8 CORE SUBJECTS 8

9 GCSE ENGLISH LANGUAGE English Language is a core component of the curriculum. The new specification will be 100% examination; it will require students to answer questions on unseen 19 th, 20 th and 21 st century texts. SUBJECT DETAILS The aims and objectives of this qualification are to enable students to: read a wide range of texts, fluently and with good understanding. read critically, and use knowledge gained from wide reading to inform and improve their own writing. write effectively and coherently using standard English appropriately. use grammar correctly, punctuate and spell accurately. acquire and apply a wide vocabulary, alongside a knowledge and understanding of grammatical terminology, and linguistic conventions for reading, writing and spoken language. listen to and understand spoken language, and use spoken Standard English effectively. ASSESSMENT Name of Assessment: Examination Board Syllabus Number: GCSE English WJEC Syllabus A The new curriculum is divided into two examination units and one additional component that does not form part of the final grade: Component 1 Reading and Prose writing 40% of the qualification (1 hour 45 minute examination) Component 2 Non-fiction reading and Persuasive writing 60% of the qualification (2 hour examination). Component 3- Spoken Language (This will not form part of the final grade but is a GCSE requirement.) The new specification will be untiered. The qualification will enable successful students to access college and A Levels, as well as apprenticeships. FUTURE CAREER OPPORTUNITIES Achieving a good grade in GCSE English is vital in opening career pathways for all young people; it is essential for successful applications to further and higher education and a very wide range of employment. It is a qualification that all employers will use as a way to learn how effective a communicator and how literate a potential employee is likely to be. 9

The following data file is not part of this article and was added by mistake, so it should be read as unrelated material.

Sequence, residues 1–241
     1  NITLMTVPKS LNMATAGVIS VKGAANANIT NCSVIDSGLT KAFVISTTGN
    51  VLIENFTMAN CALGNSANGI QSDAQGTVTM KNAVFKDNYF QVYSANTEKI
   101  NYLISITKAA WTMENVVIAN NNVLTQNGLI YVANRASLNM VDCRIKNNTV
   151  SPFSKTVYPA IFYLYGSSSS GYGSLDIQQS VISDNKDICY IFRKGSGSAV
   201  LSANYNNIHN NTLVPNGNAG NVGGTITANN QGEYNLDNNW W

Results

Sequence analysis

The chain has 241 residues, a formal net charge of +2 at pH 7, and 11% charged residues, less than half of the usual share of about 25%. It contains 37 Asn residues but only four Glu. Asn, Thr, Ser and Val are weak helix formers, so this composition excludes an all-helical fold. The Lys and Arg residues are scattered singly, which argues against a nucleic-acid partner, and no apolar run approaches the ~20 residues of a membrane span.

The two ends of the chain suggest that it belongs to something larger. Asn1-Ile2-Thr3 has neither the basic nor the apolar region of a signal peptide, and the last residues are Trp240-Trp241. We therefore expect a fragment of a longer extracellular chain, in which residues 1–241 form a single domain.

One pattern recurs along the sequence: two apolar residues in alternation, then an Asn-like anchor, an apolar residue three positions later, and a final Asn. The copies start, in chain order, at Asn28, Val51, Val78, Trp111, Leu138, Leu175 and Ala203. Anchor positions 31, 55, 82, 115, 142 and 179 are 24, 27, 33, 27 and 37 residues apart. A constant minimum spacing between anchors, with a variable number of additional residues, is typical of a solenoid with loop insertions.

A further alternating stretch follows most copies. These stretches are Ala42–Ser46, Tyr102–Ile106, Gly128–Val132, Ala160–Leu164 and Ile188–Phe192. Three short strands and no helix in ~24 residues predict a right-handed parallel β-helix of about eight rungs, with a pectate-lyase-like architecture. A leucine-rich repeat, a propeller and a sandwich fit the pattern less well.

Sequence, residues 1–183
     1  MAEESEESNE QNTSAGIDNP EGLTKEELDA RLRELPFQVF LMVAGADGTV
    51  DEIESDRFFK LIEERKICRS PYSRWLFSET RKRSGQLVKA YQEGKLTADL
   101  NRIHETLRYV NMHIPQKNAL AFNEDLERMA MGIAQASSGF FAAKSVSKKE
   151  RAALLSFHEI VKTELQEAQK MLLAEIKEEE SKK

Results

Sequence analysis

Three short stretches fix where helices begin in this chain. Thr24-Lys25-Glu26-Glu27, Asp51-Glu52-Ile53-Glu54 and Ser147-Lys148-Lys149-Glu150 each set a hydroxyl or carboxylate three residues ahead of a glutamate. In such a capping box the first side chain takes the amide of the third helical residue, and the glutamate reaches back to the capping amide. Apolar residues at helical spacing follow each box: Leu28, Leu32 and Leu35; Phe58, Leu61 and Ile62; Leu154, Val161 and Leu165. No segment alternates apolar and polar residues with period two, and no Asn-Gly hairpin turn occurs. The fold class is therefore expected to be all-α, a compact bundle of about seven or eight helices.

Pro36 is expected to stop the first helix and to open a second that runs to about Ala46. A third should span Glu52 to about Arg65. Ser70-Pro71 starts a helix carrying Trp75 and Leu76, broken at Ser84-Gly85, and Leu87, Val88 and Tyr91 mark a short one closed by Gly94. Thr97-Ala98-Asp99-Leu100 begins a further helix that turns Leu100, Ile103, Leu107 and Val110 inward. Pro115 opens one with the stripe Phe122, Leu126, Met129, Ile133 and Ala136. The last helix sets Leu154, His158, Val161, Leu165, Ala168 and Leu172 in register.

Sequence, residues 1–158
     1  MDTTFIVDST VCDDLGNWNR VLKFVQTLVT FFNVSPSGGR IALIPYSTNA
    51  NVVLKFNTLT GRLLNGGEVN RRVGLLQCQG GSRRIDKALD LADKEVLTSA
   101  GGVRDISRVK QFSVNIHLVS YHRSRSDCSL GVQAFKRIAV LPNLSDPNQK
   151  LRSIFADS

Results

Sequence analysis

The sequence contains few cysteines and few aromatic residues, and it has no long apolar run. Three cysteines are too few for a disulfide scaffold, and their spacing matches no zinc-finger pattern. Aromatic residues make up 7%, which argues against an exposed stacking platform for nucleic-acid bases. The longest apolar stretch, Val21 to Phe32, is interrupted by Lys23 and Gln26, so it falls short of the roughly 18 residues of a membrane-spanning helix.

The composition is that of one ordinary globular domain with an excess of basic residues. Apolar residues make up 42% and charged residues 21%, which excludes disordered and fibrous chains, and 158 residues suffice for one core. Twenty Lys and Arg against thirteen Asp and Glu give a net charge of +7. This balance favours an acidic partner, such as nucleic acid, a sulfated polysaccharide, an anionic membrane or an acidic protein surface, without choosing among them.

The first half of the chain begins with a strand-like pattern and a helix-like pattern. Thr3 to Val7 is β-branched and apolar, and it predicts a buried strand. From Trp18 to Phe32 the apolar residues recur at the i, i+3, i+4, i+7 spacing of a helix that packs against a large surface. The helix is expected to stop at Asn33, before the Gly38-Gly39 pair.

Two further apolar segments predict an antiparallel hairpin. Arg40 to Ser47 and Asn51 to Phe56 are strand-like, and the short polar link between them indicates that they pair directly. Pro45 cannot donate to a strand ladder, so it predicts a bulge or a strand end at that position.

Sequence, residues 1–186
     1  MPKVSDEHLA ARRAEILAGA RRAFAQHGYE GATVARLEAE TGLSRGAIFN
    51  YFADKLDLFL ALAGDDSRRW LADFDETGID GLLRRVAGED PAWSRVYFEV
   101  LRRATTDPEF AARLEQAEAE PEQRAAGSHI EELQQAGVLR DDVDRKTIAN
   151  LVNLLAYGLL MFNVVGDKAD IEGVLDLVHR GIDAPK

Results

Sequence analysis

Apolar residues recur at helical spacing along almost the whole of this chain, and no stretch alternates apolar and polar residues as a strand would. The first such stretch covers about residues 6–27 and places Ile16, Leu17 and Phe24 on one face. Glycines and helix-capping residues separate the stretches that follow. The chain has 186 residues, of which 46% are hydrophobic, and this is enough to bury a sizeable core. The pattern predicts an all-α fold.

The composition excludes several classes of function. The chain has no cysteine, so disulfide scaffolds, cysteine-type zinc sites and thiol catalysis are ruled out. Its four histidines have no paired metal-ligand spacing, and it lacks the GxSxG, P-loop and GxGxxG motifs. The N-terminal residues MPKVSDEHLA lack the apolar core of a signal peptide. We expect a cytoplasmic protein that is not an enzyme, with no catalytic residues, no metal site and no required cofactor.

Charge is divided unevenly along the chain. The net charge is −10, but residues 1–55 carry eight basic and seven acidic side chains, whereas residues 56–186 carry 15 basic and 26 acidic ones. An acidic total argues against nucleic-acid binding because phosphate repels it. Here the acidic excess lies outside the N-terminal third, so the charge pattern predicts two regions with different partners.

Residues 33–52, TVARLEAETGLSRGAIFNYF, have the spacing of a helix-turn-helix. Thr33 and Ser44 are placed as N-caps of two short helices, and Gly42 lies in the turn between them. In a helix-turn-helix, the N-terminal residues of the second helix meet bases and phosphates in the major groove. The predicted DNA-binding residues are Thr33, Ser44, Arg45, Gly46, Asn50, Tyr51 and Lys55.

10 GCSE ENGLISH LITERATURE English Literature will form part of compulsory English for all students to study. The new specification will be externally assessed by two examinations. Students will study a Shakespeare text, a range of poetry and prose from the 19 th and 20 th century. SUBJECT DETAILS The new curriculum is divided into two examination units: Component 1 Shakespeare and Poetry 40% of the qualification (2 hour examination) Component 2 20 th Century Prose/Drama, 19 th Century Prose and Unseen Poetry 60% of qualification (2 hour 30 minute examination). The new specification will be untiered. The qualification will enable successful students to access Sixth Form, college and A Levels, as well as apprenticeships. ASSESSMENT Name of Assessment: Examination Board Syllabus Number: GCSE English WJEC Syllabus A Assessment Criteria: Two externally assessed examinations, outlined above. FUTURE CAREER OPPORTUNITIES Achieving a good grade in GCSE English Literature demonstrates the ability to interpret information thoughtfully, to back up ideas with evidence and to communicate ideas in a clear and sophisticated way. It showcases a young person as someone who can respond sensitively to texts and who can consider situations from a range of perspectives. Therefore, English Literature is a qualification which employers will use as a way to measure communication skills and the ability to extract and use relevant information from texts. 10